BANTRY BAY, Ireland — The beam of the lighthouse flashed white through the falling darkness. The passage down from Wexford had been a rough one, with heavy southwesterly gales blowing ever to windward, the huge swell threatening to swamp our boat as it tacked along.
Early that morning we had hoisted a storm jib and, when wave after massive wave appeared on the horizon, we had decided to cinch ourselves to the lifelines.
The sky, gray with storm clouds, had been ominous all day. By the time we reached Youghal, two hours behind schedule, the sky had opened and was pelting us with piercing, frozen needles of rain.
Behind us, Ram Head was disappearing quickly with the failing daylight, and the ebb tide leaving Youghal Bay threatened to make the passage too shallow, leaving us without a safe harbor in which to moor.
We lowered the jib and decided to chance it. Warily, my fingers red and stinging from the cold rain, I switched on the engine and steered into the narrow passage. By the water marks on the stone quays of the town, I could see that the tide was out. But how far?
With my eyes on the charts and the gray choppy water, I eased the boat into the harbor. At one point we scraped bottom, but there was just enough room to continue.
End to Day of Misery
A quarter of an hour later we dropped anchor with a resounding thud. The tide ran so swiftly through the harbor that we had to put out a kedge anchor and winch the boat tightly to it.
Was the entire trip going to be like this? We asked ourselves that question while rowing for shore. Hardly an enjoyable day's sailing. But that day of misery reversed itself as soon as we tied the dinghy to the stone quays of Youghal.
Minutes later, snug in a small pub and with a pint of Guinness upon each lap, the publican assured us that the day had been unseasonably rough and that, according to the weather forecast, it would blow over by morning.
The four of us snorted in skepticism. But the publican must have been sympathetic to the four shivering yachtsmen in front of him, for he brought us each a free pint. That warmed us considerably.
An hour later, as we were consuming a beautiful lobster at Aherne's seafood pub, the wretched weather was forgotten.
And later, as we sipped yet more Guinness in the Moby Dick lounge, we became enchanted with Youghal. Segments from the film "Moby Dick" were shot here, hence the name of the pub.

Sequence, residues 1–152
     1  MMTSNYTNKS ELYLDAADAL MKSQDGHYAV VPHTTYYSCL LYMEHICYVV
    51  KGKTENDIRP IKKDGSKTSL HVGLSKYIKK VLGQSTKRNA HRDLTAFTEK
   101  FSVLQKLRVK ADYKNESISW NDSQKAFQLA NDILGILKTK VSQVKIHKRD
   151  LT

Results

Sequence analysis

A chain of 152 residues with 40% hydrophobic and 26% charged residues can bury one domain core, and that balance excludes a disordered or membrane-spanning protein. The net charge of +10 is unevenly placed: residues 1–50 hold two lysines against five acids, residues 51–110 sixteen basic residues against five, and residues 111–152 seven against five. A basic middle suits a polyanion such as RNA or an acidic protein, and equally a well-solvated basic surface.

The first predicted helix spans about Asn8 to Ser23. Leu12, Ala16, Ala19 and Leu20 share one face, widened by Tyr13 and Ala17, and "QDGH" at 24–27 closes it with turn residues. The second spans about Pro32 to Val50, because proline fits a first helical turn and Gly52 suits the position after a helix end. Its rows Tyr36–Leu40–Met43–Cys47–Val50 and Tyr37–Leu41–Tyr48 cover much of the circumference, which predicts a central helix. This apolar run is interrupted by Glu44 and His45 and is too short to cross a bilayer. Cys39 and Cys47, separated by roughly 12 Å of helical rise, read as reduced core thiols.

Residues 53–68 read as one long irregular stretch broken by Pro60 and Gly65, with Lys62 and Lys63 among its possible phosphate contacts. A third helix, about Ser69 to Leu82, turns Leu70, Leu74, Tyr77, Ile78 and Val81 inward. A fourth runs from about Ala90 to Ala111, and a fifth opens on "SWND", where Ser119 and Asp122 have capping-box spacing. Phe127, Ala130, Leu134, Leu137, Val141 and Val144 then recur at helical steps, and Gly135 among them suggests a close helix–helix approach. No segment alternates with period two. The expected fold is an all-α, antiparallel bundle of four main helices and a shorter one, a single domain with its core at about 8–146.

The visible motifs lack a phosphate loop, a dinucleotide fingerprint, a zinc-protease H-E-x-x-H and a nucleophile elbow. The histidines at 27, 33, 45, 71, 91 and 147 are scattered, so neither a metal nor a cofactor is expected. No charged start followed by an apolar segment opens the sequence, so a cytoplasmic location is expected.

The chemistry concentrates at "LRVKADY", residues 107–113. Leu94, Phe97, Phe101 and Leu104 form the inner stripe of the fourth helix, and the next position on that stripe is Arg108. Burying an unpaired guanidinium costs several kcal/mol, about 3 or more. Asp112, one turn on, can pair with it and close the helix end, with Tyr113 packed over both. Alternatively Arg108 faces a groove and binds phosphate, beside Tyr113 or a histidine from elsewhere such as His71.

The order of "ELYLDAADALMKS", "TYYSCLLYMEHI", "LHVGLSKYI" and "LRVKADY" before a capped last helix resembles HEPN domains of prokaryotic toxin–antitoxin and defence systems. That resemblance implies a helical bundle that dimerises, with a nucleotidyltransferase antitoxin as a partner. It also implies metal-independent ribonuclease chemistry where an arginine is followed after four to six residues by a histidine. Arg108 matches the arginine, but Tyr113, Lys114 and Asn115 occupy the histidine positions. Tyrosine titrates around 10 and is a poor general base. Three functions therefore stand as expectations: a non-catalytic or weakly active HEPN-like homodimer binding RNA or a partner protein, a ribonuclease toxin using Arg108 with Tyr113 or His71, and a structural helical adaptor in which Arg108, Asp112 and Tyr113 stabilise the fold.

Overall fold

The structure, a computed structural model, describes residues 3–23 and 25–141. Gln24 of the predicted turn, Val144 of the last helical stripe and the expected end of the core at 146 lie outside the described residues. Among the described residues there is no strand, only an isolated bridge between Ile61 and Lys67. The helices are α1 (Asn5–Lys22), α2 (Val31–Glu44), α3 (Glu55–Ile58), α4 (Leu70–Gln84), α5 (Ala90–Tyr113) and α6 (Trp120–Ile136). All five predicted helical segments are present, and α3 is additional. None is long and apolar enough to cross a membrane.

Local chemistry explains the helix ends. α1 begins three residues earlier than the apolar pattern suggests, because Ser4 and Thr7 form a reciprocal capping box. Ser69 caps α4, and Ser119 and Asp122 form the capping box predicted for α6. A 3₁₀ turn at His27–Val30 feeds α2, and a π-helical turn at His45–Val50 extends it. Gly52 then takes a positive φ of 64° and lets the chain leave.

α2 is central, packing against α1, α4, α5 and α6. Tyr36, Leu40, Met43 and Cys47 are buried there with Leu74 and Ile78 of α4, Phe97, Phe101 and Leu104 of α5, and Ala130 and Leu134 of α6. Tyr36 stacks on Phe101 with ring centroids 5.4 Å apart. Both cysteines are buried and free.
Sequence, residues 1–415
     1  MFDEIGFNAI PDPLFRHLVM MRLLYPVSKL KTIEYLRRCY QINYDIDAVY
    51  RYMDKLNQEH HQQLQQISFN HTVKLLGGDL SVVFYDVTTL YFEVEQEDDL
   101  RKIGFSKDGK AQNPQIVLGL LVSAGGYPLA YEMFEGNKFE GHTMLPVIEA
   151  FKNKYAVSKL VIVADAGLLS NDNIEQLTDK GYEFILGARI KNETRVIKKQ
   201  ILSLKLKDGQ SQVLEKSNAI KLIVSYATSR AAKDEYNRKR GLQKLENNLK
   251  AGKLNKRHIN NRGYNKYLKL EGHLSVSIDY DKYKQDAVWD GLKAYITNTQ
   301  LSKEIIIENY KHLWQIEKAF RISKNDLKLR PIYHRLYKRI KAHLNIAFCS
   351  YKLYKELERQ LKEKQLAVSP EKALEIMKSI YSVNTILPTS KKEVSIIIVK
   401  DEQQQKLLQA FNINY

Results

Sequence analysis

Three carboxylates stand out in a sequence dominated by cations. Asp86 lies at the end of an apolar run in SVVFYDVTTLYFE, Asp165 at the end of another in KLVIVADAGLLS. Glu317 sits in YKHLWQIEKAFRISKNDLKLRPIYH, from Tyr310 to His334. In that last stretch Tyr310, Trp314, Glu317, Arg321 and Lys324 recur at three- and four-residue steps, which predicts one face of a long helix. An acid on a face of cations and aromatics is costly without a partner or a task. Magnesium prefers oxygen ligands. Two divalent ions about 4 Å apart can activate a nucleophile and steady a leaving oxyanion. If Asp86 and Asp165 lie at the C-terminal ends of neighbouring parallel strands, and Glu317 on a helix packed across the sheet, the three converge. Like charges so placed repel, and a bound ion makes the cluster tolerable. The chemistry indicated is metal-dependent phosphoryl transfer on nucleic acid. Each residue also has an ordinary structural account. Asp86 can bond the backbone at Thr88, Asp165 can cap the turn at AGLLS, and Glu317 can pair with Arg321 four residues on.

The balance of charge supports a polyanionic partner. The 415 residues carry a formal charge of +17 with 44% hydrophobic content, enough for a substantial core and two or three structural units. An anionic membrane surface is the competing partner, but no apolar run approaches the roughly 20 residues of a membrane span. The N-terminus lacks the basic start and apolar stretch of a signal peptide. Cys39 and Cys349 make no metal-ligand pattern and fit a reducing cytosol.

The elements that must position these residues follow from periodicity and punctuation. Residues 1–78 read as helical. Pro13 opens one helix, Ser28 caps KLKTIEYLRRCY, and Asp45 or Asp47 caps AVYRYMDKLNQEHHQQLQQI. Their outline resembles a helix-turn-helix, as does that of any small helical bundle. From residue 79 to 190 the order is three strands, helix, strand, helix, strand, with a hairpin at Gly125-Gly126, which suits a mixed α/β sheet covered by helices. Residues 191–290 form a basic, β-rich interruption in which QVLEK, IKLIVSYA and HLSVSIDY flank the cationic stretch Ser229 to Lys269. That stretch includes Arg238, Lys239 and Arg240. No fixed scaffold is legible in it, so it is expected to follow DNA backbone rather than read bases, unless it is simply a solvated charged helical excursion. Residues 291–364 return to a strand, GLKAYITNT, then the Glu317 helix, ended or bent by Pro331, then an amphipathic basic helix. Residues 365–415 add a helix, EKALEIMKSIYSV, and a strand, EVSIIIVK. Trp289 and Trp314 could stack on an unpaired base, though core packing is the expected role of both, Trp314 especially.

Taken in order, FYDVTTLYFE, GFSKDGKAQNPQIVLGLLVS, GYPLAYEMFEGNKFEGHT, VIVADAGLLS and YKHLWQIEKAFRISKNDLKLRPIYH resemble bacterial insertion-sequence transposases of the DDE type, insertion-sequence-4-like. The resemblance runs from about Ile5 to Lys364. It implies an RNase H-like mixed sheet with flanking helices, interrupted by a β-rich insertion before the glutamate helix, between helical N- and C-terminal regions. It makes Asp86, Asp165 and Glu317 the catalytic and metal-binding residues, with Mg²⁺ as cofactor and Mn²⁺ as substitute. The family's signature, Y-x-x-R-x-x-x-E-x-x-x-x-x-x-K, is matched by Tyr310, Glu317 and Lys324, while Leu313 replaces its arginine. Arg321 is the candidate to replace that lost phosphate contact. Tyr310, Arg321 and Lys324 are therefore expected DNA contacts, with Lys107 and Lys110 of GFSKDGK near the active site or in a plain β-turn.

The owner, Paddy Linehan, even has a scrap book of the actors from that film. Now, though, only a handful of fishing trawlers and yachts use the harbor. It seemed the same story with most ports along the southern coast.
We had journeyed to Ireland on the advice of friends who chartered a boat here from Andy Stott on the Schull Peninsula in West Cork. Stott now runs a yacht charter and maintenance service from his home.
The yacht we hired from him was a Dart 35-foot Warrior with a four-cylinder, Mercedes 36-horsepower diesel engine. In immaculate condition, it came equipped with all the essentials, including safety gear such as VHF radio and depth sounder. The cost of chartering the boat during a June week was about 550 ($775). For those who want a pilot, Stott will serve as skipper at no extra charge.
Ireland's southern coastline is one of the most remarkable in Europe, holding an attractive array of features: secluded anchorages, unpolluted water, gourmet restaurants and, most importantly, an ever-present wind. One thing's for sure: You can't make similar boasts about the Mediterranean. At least not at the same inexpensive price.
The publican had been right in his predictions of the weather, for the next morning broke bright and warm, with a beautiful easterly blowing. The oilskins of the previous day were stowed away and swimsuits brought out as the sunshine beamed down on our sails.
It was one of the most exquisite sailing days I have ever experienced: the strong gentle breeze, the sparkling blue water, the gulls reeling near the mast, the green coastline to starboard.
We sailed from Youghal Harbor past Knockadoon Head, through Ballycotton Bay, around Power Head and Roches Point and into Crosshaven. As we tied up at the Crosshaven marina, I felt both relaxed and invigorated with the warm, lazy sail.
At the mouth of Cork Harbour, Crosshaven is a tiny village that revolves around its yachting scene. The yachting club may be the oldest in the world, having been founded in the 1720s.
As we tacked further into the harbor the next morning, we passed the bustling village of Cobh, a huge cathedral sitting in its midst. Cobh was once the main port of exit for millions of emigrating Irish.
Directly across the harbor sits Spike Island, once an infamous prison. Farther into the harbor, chemical plants--spewing out industrial waste--sit on sites not a hundred yards away from animal and tree sanctuaries. Despite these mind-bending contradictions, the harbor is a pleasant place in which to sail, if only for the fact that Cork City lies at the end.
Cork a Friendly Town